For most of my working life I've held only part-time jobs--by choice. The few times I took on full-time employment, my limited spare time was taken up by the mundane chores that keep a house and home running. There was no time left to care about anything other than our own immediate needs, and no energy left to invest in other people.

That situation does not sit well with me, so I've purposefully chosen to limit the number of hours I spend each week earning an income. I will admit, it's a tough choice. With the extra money I would have earned working full time over the past 17 years, we could have bought a fancy home, rather than a renovator's delight; we could be driving new cars, not old; shopping at designer stores instead of op-shops; and holidaying in Europe, not Echuca.

However, by making a conscious decision to prioritise my time and talents I have been blessed many times over. Even more exciting than the personal rewards is when the blessing bounces outward to others.

Three years ago, I was employed only three days a week on a basic wage. My husband and I had some extra expenses and future ministry plans that needed serious savings, so I started looking for a second part-time job to supplement my income. This decision did not come easily. I was concerned that my effort to earn extra money would limit the energy, time and desire to nurture relationships with those around me.

During the time I was looking for a second job, the community centre operated by my local church was looking for a part-time office worker. It was not as many hours as I wanted and much less pay than I needed. But I really felt called to be part of the team at "The Crossing."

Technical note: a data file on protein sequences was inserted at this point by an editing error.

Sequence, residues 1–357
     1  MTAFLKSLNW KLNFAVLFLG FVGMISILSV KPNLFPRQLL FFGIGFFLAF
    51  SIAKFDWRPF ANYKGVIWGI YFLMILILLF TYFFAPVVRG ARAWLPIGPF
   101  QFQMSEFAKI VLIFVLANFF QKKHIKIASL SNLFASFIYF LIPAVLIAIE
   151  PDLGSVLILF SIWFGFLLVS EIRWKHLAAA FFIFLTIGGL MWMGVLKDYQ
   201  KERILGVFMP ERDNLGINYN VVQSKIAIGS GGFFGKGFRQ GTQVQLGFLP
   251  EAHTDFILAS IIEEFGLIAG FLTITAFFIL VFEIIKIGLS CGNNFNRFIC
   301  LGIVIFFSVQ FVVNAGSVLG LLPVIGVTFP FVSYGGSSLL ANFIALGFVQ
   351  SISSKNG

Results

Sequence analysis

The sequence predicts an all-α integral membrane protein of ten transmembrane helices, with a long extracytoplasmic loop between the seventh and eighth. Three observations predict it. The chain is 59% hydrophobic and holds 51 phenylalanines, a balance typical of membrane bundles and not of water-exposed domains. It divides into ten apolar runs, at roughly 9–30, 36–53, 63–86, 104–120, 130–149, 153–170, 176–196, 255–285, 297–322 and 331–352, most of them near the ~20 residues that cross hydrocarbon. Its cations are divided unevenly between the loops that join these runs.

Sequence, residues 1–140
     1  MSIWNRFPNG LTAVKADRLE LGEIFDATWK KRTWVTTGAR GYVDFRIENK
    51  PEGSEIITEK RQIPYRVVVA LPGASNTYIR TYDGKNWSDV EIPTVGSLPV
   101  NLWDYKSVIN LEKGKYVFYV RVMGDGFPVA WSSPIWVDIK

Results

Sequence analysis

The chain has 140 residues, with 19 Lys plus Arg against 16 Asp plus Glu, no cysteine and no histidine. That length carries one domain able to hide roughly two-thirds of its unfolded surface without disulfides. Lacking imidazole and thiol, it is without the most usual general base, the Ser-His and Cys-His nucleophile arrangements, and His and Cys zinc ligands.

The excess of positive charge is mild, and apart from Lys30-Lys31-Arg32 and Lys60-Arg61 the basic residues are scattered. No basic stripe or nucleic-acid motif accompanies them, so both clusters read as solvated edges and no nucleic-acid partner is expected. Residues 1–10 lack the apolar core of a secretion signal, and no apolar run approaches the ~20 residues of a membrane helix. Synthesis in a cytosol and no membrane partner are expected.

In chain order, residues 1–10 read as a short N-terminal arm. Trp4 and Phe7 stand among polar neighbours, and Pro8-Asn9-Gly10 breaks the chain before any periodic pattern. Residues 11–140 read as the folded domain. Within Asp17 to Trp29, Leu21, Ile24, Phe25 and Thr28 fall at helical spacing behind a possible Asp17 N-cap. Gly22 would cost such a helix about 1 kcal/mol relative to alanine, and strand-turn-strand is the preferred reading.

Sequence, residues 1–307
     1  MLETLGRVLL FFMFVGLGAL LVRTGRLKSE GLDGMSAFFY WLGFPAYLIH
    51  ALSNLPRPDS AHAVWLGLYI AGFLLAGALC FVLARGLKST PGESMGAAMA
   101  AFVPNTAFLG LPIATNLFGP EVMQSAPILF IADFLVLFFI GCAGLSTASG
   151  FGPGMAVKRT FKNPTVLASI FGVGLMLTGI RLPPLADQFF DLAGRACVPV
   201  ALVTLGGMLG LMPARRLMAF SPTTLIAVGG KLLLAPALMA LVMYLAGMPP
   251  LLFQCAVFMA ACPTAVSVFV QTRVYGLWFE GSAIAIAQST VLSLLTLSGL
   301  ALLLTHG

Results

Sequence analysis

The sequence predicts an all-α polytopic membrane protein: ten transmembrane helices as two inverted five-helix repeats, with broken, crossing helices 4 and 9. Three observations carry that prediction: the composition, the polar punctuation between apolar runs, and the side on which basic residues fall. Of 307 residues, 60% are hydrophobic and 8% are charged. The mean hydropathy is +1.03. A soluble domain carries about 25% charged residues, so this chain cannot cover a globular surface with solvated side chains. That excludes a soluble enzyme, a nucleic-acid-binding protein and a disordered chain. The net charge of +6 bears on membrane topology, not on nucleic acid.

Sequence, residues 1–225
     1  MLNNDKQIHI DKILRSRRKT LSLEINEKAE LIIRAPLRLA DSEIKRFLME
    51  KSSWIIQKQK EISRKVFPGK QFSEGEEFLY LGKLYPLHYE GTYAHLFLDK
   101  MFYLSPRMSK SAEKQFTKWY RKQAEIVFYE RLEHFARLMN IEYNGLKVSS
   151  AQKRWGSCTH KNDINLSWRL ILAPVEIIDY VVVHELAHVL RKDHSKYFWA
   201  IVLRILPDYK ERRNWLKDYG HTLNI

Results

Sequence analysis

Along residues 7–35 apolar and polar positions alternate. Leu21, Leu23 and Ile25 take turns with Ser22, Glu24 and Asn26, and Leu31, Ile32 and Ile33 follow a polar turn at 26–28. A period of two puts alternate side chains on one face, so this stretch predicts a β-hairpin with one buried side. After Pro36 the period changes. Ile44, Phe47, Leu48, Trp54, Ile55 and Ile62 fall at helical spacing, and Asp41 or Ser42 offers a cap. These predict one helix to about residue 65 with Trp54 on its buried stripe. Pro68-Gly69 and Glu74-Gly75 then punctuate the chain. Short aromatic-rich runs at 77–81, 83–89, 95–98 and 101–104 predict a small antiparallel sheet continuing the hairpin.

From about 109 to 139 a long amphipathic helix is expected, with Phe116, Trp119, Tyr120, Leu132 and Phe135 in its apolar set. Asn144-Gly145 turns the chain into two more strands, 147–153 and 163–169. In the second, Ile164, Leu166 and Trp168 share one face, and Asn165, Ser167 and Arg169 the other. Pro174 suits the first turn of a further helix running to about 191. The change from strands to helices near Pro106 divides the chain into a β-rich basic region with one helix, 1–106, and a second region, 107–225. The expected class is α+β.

I attended an interview and it seemed my previous administrative experience more than adequately equipped me for the role. When the interviewer made a point of telling me I would need to dress down a lot if I were to work there--"you need to be relatable," she said; "this is a low socioeconomic area and most people would buy their clothes at op-shops"--I had to laugh. Ninety per cent of my wardrobe comes from op-shops.

Feeling impressed this was where God wanted me, I was excited, but stressed. If I took this job it meant the financial goals we'd set would not be achieved. I was offered the job at "The Crossing" and I asked for 24 hours to think about it.

"OK, God," I challenged, "You've called me to serve the community in this role, but You've also placed on our hearts some other ministry goals that require more income than this job pays. This is in Your hands now."

The next day, my boss at the first job called me into his office and announced I was being promoted. I would still be employed only three days a week but I would be earning more money. In fact, the raise was more than I would have earned in the two days at "The Crossing."

So the blessing bounced. I was able to call "The Crossing" director and say, "I accept the position--and I will do the work as a volunteer." They were overwhelmed. The savings they made by not having to pay me, allowed them to achieve other community outreach goals.

This was a definite case of bounced blessings. My decision to limit paid work hours so I'd have the time and energy to minister to those around me was rewarded. I received the extra income we needed and "The Crossing" received a staff member two days per week at no cost. My administrative and communication talents helped the centre and affiliated church improve their level of service both to the external community and the internal one. To top it all off, key relationships were built and nurtured that have proved invaluable as the church community moved through some challenging structural and leadership changes.

God is willing to work in and through us to achieve His purposes. But it's not until we let go and let God that we get to see and be part of it. The harvesters are paid good wages, and the fruit they harvest is people brought to eternal life. What joy awaits both the planter and the harvester alike! John 4:36.

–Kellie Hancock worked as an editor at Signs Publishing Company in Warburton, Victoria, at the time of writing. She lives in Wantirna, a suburb of Melbourne, Victoria.